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Dickinson to Durban » Summer Reading Responses » World Climate Summit at Dickinson College!

World Climate Summit at Dickinson College!

Imagine if the title of this post were actually true! Not only would students, faculty, and other community members  flock to our conference event, but international persons and other interested citizens would flock to our campus to have a say in the negotiations room!

We, the students in the Africa Mosaic, obviously and luckily, have the privilege of actually participating in the real negotiations in Durban in a few months, but not every student at Dickinson does. To give a larger segment of the campus an opportunity to participate in a similar experience, the Africa Mosaic students and students from a similar-course of study in their first-year seminar acted out a mock-World Climate conference.

The first thing I would like to comment on is that the initially feelings and anticipations I had about the event going into it were radically different from what it ended up being. The emotions of adventure and excitement were super-ceded by frustration and anger, in reality! Representing a delegate from the developed country annex of the Russian Federation, I felt exceedingly angry at the demands made from countries which I felt were in no position to be making such demands in the first place. The sense of cooperation we mutually were hopeful for going in the “delegations” was quickly replaced by self-interest, money, and politics!

Perhaps this basic human desire to peacefully attain goals is what really brings together the delegates to negotiate new targets every year, but what ends up happening is that the deeper human motivation of self-interest and greed take over.

Some situations where this occurred was in the negotiating of basis concepts that had to be solved before details could be worked out, and hopefully a final compromise could occur. Examples of this are in questions such as: Which countries should pay the highest cost in money and morals for their levels of emissions? Where does the question of “historical emissions” come in? Can we hold developing countries to similar standards in a different day and age?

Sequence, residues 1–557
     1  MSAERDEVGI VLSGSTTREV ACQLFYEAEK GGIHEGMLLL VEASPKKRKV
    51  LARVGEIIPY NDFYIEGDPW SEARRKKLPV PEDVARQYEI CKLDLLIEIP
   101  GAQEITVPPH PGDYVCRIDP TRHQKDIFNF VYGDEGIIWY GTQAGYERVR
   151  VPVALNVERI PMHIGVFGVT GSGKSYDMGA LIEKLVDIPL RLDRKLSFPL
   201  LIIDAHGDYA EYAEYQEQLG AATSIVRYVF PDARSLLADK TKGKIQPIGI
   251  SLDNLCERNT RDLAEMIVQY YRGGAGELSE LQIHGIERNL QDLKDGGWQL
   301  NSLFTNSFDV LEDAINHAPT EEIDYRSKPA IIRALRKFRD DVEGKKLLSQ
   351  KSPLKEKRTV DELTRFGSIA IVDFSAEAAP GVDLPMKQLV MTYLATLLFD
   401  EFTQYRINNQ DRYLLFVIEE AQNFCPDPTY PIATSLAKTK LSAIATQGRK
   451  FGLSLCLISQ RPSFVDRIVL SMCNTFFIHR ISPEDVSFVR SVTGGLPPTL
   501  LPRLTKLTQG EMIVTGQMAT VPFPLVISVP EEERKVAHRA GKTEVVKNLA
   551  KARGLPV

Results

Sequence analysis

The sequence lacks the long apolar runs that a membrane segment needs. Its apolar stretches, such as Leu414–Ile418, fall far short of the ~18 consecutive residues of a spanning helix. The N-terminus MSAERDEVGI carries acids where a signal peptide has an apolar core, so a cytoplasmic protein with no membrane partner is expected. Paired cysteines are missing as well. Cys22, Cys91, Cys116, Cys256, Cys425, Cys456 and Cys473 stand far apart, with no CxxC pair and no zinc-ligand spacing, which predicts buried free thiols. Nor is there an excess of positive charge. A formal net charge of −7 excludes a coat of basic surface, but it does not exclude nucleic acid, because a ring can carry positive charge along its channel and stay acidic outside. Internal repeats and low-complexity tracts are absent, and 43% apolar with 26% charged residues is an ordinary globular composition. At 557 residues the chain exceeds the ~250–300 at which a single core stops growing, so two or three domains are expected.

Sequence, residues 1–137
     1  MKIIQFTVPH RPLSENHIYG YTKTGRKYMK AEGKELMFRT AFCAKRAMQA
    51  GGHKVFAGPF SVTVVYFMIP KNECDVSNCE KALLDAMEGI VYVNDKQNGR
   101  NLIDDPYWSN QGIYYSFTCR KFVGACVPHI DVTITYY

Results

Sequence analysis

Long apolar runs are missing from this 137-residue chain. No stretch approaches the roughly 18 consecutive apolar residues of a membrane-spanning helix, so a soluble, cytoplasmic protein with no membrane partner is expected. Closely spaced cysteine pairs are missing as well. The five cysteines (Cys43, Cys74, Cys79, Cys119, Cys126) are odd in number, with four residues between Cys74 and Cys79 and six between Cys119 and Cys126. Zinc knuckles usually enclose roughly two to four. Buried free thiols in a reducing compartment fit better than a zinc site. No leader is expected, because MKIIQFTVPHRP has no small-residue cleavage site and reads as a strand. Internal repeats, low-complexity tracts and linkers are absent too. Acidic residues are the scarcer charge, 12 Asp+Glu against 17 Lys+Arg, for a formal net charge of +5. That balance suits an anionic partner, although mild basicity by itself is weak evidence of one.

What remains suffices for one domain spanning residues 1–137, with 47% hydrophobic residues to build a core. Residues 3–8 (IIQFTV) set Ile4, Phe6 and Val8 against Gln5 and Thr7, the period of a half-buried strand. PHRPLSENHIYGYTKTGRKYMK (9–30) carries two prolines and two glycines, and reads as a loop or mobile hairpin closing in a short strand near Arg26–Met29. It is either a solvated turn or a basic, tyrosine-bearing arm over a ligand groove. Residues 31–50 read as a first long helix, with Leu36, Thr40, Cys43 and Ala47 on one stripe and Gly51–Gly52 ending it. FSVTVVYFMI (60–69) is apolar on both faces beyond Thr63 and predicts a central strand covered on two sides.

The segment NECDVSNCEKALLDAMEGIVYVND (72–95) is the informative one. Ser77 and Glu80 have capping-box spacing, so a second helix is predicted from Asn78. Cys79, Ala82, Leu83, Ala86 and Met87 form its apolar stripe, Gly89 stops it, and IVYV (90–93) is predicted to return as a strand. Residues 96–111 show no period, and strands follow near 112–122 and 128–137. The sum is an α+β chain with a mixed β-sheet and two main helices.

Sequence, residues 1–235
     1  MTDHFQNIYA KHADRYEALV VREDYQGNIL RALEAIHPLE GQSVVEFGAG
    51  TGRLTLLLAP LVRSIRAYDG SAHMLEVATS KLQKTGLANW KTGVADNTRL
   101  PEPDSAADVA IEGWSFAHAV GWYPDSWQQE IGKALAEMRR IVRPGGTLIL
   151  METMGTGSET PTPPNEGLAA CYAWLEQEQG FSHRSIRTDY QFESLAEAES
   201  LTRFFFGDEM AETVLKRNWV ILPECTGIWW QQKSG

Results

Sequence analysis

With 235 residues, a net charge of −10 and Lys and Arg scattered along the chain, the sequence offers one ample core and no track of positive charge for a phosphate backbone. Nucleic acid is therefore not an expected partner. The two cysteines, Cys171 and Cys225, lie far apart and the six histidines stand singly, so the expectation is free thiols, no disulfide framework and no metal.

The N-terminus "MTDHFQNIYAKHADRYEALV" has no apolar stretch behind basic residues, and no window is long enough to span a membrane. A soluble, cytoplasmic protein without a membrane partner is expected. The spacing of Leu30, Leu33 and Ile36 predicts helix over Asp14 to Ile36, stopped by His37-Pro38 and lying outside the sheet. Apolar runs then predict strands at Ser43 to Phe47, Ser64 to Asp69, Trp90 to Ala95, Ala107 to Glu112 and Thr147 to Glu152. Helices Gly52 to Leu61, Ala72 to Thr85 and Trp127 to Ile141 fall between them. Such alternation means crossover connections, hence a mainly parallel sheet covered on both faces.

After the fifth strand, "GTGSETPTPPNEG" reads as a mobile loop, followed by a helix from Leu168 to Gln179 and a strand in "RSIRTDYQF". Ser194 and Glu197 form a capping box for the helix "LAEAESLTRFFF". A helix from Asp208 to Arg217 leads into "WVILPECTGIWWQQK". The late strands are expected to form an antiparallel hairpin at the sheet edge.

These questions are far from being simplistic, yet it felt during the negotiations, that these “big” and unavoidable questions must first be surmounted before specific figures and models could be made—this was the source of the frustration. But I felt that if these “negotiations” felt frustrating to a bunch of undergraduate students with no real ties, either ethnic or economic, to these countries, then imagine the frustrations felt by the delegates during actual negotiations with real financial figures being thrown around and the threat of real political and social tensions stretching beyond their capacity between countries

By the conclusion of the simulation, I felt that while I had learned a lot, myself and the other students, expressed real hopelessness as to any real progress being made at the actual UN negotiations. However, harkening back to my previously expressed ideas about human motivation—perhaps the reason these conferences keep occurring and new targets keep getting adjusted every five years, is that at the heart of climate change all the delegates from every country, developed or not, want to cooperate on some level and converse to make real and, hopefully, lasting progress.

This is the climate model simulation we used in calculating whether we met our emissions targets or not. Various circumstances can be simulated at the press of a button and realistic models are created.


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